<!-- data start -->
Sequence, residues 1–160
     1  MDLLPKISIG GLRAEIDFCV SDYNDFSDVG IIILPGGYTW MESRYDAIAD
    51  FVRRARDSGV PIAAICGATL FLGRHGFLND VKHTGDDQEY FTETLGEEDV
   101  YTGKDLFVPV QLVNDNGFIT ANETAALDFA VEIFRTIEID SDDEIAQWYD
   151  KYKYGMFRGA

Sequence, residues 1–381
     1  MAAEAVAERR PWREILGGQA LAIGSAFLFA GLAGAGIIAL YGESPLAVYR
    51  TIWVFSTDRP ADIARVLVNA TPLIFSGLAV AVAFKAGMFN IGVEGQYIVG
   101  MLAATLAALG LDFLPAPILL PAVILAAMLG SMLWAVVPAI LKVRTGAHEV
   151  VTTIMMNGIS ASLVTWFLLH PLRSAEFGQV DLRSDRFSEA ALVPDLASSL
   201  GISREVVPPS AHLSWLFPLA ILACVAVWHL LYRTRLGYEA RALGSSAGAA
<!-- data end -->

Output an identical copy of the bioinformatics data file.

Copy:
Sequence, residues 1–160
     1  MDLLPKISIG GLRAEIDFCV SDYNDFSDVG IIILPGGYTW MESRYDAIAD
    51  FVRRARDSGV PIAAICGATL FLGRHGFLND VKHTGDDQEY FTETLGEEDV
   101  YTGKDLFVPV QLVNDNGFIT ANETAALDFA VEIFRTIEID SDDEIAQWYD
   151  KYKYGMFRGA

Sequence, residues 1–381
     1  MAAEAVAERR PWREILGGQA LAIGSAFLFA GLAGAGIIAL YGESPLAVYR
    51  TIWVFSTDRP ADIARVLVNA TPLIFSGLAV AVAFKAGMFN IGVEGQYIVG
   101  MLAATLAALG LDFLPAPILL PAVILAAMLG SMLWAVVPAI LKVRTGAHEV
   151  VTTIMMNGIS ASLVTWFLLH PLRSAEFGQV DLRSDRFSEA ALVPDLASSL
   201  GISREVVPPS AHLSWLFPLA ILACVAVWHL LYRTRLGYEA RALGSSAGAA